Error and Sir James Dyson

Topics: Error, George Bernard Shaw, James Dyson Pages: 2 (596 words) Published: June 22, 2013
Sir James Dyson: Learning to Achieve Success
Case Study
Louis D’Amico
University of Mary

Author Note
This paper was prepared for Management and Organizational Behavior, MGT 504, taught by Professor Dan Thomas Jensen
“Learning is a change of behavior acquired through experience”. (Nelson, 2013, p.198). How appropriate that chapter six which focuses on learning and positive and negative reinforcement systems and ways of giving feedback would choose to present Sir James Dyson as a case study. His ability to learn based on trial and error in order to become successful is very inspiring. In 1991, when Bishop Ignatius Catanello took me out of a classroom and named me business manager, (although I had no education or training in finance or business), I was terrified. He explained that my honesty and love and devotion I had for the school would make up for a lack of training. He was very supportive and encouraging to me. Bishop Catanello was supportive even when I purchased a beautiful bus that would normally be used to transport people at airports, to transport students. I would find out a week after the purchase, since it wasn’t a regulation “school bus”, it could not be used for student transport. The bus remained parked for six months in the school parking lot as a symbol of my first mistake. It wasn’t the last mistake I would make; however, it was the most publically displayed mistake. I did my homework and learned all the school transportation laws, including proper driver licensing, bus inspections and article 19 regulations. Trial and error could probably describe my first few years as business manager. 1. “A life spent making mistakes is not only more honorable, but more useful than a life spent doing nothing” (George Bernard Shaw). Sir Dyson states that “someone doesn’t have to grow into a job. If you allow them to make mistakes, they will learn extremely quickly” (Nelson, 2013, p. 232). The important part isn’t the mistake…it is how you learn...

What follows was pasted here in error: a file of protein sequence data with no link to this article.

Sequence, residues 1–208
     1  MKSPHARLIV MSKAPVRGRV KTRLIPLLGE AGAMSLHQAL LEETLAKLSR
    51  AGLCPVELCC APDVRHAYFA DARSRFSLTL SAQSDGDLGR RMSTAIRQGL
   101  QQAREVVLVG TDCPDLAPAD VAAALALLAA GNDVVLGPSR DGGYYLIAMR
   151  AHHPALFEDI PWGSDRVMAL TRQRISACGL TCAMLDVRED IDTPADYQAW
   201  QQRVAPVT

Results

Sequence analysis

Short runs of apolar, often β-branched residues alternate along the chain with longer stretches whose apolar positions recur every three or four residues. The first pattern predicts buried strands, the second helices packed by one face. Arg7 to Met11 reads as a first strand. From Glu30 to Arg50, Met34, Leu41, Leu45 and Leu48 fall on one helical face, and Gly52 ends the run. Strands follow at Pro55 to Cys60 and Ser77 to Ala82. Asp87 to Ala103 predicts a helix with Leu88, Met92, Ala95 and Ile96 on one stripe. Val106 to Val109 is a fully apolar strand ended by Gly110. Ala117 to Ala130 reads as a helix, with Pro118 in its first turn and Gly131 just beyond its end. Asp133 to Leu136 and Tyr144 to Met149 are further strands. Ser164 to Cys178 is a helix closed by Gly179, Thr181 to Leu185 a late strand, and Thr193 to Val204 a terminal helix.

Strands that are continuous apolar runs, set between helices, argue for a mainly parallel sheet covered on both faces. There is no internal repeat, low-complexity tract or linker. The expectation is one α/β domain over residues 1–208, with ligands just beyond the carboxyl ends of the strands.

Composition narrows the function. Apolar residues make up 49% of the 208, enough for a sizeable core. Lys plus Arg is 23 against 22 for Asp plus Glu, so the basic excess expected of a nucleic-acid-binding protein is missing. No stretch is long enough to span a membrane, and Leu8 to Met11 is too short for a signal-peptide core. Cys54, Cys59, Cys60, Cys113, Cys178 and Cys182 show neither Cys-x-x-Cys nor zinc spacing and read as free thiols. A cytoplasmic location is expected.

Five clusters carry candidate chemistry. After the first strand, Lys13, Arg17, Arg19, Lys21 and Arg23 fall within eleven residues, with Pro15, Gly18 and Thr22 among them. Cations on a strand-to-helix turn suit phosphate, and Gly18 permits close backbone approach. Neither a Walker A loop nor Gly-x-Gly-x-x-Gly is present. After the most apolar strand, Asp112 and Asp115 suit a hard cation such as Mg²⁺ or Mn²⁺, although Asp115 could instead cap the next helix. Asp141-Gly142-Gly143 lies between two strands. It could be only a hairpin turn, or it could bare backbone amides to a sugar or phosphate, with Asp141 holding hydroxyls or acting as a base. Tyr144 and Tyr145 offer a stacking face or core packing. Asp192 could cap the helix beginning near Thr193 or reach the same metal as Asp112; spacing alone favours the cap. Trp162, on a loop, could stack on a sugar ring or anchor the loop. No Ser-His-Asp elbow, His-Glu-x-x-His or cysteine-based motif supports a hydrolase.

References: Nelson, D.L. & Quick, J.C. (2013). Organizational Behavior: Science, the Real World and You. Mason, OH: South-Western Cengage Learning.
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